Ubiquitous Availability: results from the online survey.

Interactive agencies are not hospitals and agency are not doctors. But many agencies expect the same access to their workers that hospitals have to doctors — and without the professional autonomy doctors enjoy.

A very large number of interactive agency workers make themselves available for work outside regular hours, and mobile technologies are allowing them to do it.

A mere 5% of agency workers who completed this survey (n=59) do not respond to work demands outside of regular hours. A full 90% say they’re available during the evening, and even an astounding 44% say they’re available DURING THE NIGHT. It makes you wonder what they are expecting to happen while everyone else is asleep.

The mobile technology that companies issue is helping with this expectation of what I call “ubiquitous availability.” This chart notes that over three quarters of these workers are equipped with laptops, but only 8% with a mobile phone and 17% with a BlackBerry.

The expectation of ubiquitous availability is so strong almost three quarters of workers use their PERSONAL mobile phones for work purposes, and another quarter use their personal BlackBerrys. My qualitative research has told me that recouping the air time costs for these is very difficult.

Indeed, over half of workers are usually contacted on their personal cell phones, as seen in this chart. Yet few companies have consistent policies around personal cell phone use, or reimbursement procedures to ensure workers can expense their air time. This suggests that ubiquitous availability is being paid for often by workers themselves. Even doctors can expense their beepers and BlackBerrys. Many of the agency workers in this study cannot.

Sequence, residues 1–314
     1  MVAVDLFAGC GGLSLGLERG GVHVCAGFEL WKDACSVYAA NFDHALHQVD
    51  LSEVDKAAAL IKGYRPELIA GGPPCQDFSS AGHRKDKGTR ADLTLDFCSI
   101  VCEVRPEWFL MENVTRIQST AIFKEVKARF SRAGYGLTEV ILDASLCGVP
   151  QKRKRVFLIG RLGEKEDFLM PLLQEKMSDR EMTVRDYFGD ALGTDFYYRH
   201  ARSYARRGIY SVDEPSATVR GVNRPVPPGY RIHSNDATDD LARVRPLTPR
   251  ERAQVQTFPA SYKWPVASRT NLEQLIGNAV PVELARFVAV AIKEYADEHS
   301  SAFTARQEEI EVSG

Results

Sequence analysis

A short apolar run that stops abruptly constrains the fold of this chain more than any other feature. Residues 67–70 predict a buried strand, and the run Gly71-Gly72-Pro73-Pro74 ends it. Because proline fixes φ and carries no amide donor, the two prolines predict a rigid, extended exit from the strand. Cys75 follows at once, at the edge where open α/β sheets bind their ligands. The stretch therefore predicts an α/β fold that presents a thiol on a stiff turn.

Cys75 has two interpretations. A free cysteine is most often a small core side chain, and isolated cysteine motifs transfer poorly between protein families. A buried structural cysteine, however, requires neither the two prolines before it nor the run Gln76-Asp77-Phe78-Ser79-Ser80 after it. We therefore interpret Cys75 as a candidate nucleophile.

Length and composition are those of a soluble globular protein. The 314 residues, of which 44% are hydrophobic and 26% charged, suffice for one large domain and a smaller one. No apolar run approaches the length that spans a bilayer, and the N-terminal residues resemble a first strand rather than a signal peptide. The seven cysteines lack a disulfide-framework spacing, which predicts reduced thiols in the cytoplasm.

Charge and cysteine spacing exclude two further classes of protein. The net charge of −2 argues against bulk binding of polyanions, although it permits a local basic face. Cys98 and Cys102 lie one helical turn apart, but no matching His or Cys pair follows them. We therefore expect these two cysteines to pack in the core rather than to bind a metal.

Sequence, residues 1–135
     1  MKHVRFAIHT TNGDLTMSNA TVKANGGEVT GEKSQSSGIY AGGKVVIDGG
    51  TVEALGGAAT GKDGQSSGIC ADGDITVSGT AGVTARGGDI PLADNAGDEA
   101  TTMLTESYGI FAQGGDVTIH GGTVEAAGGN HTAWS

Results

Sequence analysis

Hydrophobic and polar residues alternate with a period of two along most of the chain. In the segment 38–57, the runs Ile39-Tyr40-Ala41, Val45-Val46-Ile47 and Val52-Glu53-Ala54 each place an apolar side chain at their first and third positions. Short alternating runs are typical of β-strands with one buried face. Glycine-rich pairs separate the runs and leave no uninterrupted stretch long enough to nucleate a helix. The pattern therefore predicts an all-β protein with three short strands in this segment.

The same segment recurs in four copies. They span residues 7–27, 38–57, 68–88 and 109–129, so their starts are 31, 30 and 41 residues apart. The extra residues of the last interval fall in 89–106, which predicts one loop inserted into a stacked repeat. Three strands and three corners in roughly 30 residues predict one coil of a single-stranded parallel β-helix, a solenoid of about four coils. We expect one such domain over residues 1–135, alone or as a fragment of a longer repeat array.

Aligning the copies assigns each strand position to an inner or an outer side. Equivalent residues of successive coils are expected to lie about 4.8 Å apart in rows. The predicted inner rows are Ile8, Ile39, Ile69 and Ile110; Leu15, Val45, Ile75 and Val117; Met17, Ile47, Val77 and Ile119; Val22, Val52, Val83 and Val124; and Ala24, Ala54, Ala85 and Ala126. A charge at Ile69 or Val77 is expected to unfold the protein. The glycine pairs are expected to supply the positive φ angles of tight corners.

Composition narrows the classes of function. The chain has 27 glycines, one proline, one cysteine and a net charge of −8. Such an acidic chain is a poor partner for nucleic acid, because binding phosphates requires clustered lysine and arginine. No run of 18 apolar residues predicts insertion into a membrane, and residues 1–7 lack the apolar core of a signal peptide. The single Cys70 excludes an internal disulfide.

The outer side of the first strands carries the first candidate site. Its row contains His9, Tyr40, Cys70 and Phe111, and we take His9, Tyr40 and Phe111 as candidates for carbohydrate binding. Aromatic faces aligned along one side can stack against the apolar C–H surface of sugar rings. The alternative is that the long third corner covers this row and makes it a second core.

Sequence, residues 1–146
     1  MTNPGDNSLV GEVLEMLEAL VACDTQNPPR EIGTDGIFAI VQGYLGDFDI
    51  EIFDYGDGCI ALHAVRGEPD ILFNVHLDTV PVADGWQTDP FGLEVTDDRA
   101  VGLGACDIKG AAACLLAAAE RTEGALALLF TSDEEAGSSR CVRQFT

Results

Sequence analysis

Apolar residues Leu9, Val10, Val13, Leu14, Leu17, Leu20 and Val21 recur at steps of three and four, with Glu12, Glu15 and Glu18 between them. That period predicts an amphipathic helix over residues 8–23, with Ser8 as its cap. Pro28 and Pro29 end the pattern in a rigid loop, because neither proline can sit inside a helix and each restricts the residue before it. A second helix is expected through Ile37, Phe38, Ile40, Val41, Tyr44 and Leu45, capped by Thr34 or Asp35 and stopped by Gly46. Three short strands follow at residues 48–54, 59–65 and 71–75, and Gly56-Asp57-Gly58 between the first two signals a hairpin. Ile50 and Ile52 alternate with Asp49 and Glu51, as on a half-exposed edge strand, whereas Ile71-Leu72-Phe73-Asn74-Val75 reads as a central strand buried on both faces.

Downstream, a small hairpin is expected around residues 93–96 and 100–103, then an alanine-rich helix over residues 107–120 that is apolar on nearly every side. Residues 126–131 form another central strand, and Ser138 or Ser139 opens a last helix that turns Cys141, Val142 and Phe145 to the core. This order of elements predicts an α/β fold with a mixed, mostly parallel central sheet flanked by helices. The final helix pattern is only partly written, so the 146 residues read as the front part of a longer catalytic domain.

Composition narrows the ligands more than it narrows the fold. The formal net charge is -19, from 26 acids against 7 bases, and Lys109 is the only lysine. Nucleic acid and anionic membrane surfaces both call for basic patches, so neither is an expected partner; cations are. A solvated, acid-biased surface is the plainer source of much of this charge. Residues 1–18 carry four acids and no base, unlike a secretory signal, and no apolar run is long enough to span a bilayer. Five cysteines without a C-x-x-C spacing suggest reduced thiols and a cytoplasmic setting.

Agency workers are likely unsurprised by these findings. But agency managers might be. Agency workers predictably get tired of being available at all hours. They get downright pissed off if they have to pay the cost of that availability. Recruiters and managers take note of a few small changes:

  1. Articulate clear policies about private/work time. What constitutes a need to contact workers at home? When can workers expect to 100% reserve their private time for themselves? The right to restrict access during private time is enjoyed by most workers. Even doctors are not always “on call.”
  2. Equip workers with the proper tools if ubiquitous availability is expected. If workers are expected to be available, employers should pay for them to have the tools they need. If this is too expensive for the company, then workers should simply not be contacted, period. Project managers specifically should be empowered to restrict access to their team members because the cost of that access is not borne by the client.
  3. Provide opportunities for workers to opt-out of availability. Do not assume that a personal cell phone number can and should be shared readily. Provide specific guidelines why that number is needed, and adhere to limits workers place on that access. If workers must “voluntarily” submit, they likely will provide the number even if they don’t want to. Workers who put limits on availability should never be penalized, even subtly.

Agency work is not “saving lives,” as one of my research participants told me. There is no reason for ubiquitous availability and agencies should respect that.


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